It’s been reported on “Today” this morning that for the first time prescription drugs are listed among teens as easier to acquire than alcohol.
My suspicions, one of my worst fears, has come true.
Our prescription culture has trickled to our teens. It’s easy to creep into medicine cabinets where drugs are kept, unused and unacknowledged for years. That is, for years, until our teenagers get curious about the contents.
Usually they can find some goodies. Most parents have suffered a broken limb, stretch of abdominal pain, or had a surgery in the past.
After one year, those medications are expired and need to be thrown out, but who really does this?
I’ve worried about the possibility of X breaking into my stash when he gets in junior high. We have a hidden lock box, and have for a while now.
This is not specifically for him, you would be surprised the amount of covert pill poppers you know that present their secret once you have open access to a prescriber.
I worry about x due to some basic psychological theory that suggests at about 5 or 6 years old children begin to understand reversibility. He sees me taking medicine to get better. That medicine must make him feel better also. Have a problem? Take a pill.
I think this is the cause for the “the adderal generation” nickname regarding our teens.
I have been taking medicine to feel better for years now, X is only now mature enough to understand that if I take pills to fix my “problems,” he too could do the same.
This message will stay with him until he feels a need to “medicate” himself for some reason. Without finding a reasonable outlet or prescribed medicine, he may just decide to “self medicate.”
Uh-oh, I’m in trouble.
He was all ready figured out some good excuses to pretend he’s sick. He knows if he has a sore throat, I’m worried about strep and don’t want to contaminate other kids. He gets to stay home.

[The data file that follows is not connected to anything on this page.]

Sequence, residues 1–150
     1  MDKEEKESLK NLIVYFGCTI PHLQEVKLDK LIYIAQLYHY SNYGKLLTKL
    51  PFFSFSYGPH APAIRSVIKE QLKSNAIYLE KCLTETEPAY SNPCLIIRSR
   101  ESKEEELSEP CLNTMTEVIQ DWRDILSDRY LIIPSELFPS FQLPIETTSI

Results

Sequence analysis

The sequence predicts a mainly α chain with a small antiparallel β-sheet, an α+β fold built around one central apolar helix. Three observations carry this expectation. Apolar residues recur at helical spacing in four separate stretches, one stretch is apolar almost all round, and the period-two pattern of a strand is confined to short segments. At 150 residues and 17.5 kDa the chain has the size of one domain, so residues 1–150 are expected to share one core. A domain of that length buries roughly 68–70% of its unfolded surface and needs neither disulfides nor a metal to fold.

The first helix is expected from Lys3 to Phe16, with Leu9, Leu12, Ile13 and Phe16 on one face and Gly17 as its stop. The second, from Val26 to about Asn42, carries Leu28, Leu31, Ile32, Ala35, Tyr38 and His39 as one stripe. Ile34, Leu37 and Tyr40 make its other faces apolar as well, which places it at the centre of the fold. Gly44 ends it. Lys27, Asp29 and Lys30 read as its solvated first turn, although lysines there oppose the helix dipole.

I didn’t think kids gained this knowledge so early.
As teens, if pills are not available, kids are smart enough to convince a psychiatrist that they have certain “symptoms.” Their friends are doing the same for RX pain killers.
The internet is also a major offender. It tells teenagers symptoms to describe to their doctors to receive pain meds. You can also buy straight off the internet. Whoa, all you need is a credit card.
However, unless US Licensed, 98% of the drugs sold on the internet are not what they say they are. Who knows what it is? Could be rat poison.
I think many of these teens underestimate the power of pills. They can be taken legally. Doctors, whom they trust, prescribe them so they must be safe.
TO intervene, I explain to my son what I take and why I’m taking it. I’d describe the structure and tell him I know exactly what is going in my body (even if I really don’t).
This suggest he should also know what he ingests. Because we educate him does not mean we’re going to be stupid. There is no leaving controlled meds around the house.
I did make that mistake once, only to find X “making a potion” with a possible lethal dose of narcotics. He was 4. I didn’t know he could open “child proof bottles.”
Just a little FYI on how an interest in substances may be created and may present itself in the teenage years. I’ll try to keep all us parents up on the trends.
Baldies' Blog began originally in the UK by a 26 year old journalist with a blood cancer on a mission to inform the world about bone marrow donation.
He has since died, and I took on the cause of making cancer care more transparent for everybody.
Cancer is a disease that will touch everybody through diagnosis or affiliation: 1 in 2 men will be diagnosed and 1 in 3 woman will hear those words, "You Have Cancer."
I invite you to read how I feel along my journey and
how I am continuing to live a full life alongside my Hodgkin's lymphoma, with me controlling my cancer, not my cancer controlling me.
I hope that "Baldies' Blog" will prepare you to handle whatever life sends you, but especially if it's the message, "You Have Cancer."